Shari Lawrence Pfleeger is widely known as a software engineering and computer security researcher, most recently as a Senior Computer Scientist with the Rand Corporation and as Research Director of the Institute for Information Infrastructure Protection. She is currently Editor in Chief of IEEE Security & Privacy magazine.
Jonathan Margulies is the CTO of Qmulos, a cybersecurity consulting firm. After receiving his Masters Degree in Computer Science from Cornell University, Mr. Margulies spent nine years at Sandia National Labs, researching and developing solutions to protect national security and critical infrastructure systems from advanced persistent threats. He then went on to NIST's National Cybersecurity Center of Excellence, where he worked with a variety of critical infrastructure companies to create industry-standard security architectures. In his free time, Mr. Margulies edits the “Building Security In” section of IEEE Security & Privacy magazine.
Computer security, also called cybersecurity, is the protection of computer systems and information from harm, theft, and unauthorized use. Computer hardware is typically protected by the same means used to protect other valuable or sensitive equipment—namely, serial numbers, doors and locks, and alarms.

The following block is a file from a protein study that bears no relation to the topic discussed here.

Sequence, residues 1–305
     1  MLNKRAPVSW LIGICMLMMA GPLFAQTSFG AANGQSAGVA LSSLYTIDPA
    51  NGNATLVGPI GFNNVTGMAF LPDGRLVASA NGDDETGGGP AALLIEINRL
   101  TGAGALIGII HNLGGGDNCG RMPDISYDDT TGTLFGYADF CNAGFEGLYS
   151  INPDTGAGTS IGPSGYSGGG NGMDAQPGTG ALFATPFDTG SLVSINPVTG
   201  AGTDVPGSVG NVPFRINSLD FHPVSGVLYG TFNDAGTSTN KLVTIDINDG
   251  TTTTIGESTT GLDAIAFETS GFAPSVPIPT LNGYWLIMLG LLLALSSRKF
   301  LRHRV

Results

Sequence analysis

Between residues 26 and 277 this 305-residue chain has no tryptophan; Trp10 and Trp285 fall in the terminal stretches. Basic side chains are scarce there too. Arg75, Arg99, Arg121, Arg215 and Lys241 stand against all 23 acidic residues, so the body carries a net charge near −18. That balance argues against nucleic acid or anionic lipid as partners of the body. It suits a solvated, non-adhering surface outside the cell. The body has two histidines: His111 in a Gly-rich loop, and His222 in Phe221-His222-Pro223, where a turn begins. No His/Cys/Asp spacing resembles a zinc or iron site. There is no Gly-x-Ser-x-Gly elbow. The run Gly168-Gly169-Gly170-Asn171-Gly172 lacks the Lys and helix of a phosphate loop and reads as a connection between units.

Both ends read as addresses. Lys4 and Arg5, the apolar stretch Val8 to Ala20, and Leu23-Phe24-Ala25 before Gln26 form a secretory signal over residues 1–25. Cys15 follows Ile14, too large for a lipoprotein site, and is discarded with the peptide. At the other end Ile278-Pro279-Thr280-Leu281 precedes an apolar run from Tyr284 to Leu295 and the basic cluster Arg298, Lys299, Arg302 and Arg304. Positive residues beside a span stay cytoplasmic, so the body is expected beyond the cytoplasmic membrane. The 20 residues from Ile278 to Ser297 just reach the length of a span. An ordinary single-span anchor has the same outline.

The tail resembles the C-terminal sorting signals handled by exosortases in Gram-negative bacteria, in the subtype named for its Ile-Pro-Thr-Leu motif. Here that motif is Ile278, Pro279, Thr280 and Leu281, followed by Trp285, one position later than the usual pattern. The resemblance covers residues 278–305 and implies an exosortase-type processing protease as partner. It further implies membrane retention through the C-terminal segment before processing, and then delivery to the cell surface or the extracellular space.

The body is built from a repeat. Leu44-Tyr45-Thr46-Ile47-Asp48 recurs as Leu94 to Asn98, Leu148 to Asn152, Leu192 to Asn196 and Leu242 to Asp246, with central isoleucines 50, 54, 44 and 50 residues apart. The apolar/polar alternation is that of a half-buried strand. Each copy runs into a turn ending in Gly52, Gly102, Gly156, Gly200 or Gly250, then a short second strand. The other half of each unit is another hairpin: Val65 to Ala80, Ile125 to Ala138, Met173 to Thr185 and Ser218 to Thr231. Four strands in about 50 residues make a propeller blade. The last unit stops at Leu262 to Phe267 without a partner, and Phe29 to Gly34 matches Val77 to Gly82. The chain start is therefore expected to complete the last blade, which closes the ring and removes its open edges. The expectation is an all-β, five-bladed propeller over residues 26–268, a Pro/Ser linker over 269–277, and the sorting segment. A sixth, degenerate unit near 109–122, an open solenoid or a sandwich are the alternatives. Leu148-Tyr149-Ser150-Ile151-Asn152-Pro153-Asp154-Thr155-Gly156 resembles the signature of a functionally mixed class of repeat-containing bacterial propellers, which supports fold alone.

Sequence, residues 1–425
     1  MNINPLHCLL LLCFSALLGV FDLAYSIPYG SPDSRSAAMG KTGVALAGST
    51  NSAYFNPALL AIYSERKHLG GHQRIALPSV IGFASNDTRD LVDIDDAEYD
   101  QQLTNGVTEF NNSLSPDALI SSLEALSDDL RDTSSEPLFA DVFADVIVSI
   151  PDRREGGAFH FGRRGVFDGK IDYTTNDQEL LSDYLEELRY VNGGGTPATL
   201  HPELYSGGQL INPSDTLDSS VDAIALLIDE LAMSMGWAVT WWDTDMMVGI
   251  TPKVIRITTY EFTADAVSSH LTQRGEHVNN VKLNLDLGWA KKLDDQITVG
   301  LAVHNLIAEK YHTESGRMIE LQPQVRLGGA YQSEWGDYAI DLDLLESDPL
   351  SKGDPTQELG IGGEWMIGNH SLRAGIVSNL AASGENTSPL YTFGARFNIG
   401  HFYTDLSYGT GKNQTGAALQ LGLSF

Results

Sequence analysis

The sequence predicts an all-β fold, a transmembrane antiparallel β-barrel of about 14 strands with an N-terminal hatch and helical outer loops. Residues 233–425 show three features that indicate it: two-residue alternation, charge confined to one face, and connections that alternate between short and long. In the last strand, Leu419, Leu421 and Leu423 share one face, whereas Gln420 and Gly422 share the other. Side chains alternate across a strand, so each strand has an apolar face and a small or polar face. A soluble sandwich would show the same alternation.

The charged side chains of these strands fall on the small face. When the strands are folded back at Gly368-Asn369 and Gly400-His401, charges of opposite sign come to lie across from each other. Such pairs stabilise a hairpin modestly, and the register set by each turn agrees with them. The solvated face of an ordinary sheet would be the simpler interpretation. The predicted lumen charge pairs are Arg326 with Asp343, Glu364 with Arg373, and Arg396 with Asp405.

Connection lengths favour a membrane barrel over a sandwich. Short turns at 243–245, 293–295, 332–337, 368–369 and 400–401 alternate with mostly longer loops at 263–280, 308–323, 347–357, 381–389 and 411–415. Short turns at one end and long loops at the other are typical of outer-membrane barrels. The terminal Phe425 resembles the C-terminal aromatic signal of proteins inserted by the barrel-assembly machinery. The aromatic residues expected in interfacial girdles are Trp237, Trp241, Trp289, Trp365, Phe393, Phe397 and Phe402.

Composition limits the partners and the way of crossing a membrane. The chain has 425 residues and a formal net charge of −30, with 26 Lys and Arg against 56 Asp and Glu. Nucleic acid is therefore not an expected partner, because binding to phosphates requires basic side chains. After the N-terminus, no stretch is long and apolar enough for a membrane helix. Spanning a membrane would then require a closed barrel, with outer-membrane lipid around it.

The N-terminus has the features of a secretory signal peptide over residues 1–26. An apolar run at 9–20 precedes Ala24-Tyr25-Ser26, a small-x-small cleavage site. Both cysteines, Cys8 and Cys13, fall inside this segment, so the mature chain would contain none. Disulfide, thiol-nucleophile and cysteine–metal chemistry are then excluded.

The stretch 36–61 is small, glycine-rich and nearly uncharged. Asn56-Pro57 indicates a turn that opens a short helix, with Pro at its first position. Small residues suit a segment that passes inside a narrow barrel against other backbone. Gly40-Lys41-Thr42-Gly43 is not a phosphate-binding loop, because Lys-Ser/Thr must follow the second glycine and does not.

Why is computer security important? Computer security is important because it keeps your information protected. It's also important for your computer's overall health; proper computer security helps prevent viruses and malware, which allows programs to run quicker and smoother.
It uses a software, middleware, to ensure seamless connectivity between devices/computers linked via cloud computing. Cloud computing service providers usually maintain multiple copies of the data to mitigate instances of security threats, data loss, data breach, etc.
- 3 Different Types of Computer Security. Physical Security – This type of computer security is one of the simplest and easiest to interpret. ...
- Physical Security. Always we need to make sure not to share our passwords in-order to safeguard our system from data thefts. ...
- Network Security. ...
- Executable Security.
The four types of security are debt, equity, derivative, and hybrid securities. Holders of equity securities (e.g., shares) can benefit from capital gains by selling stocks.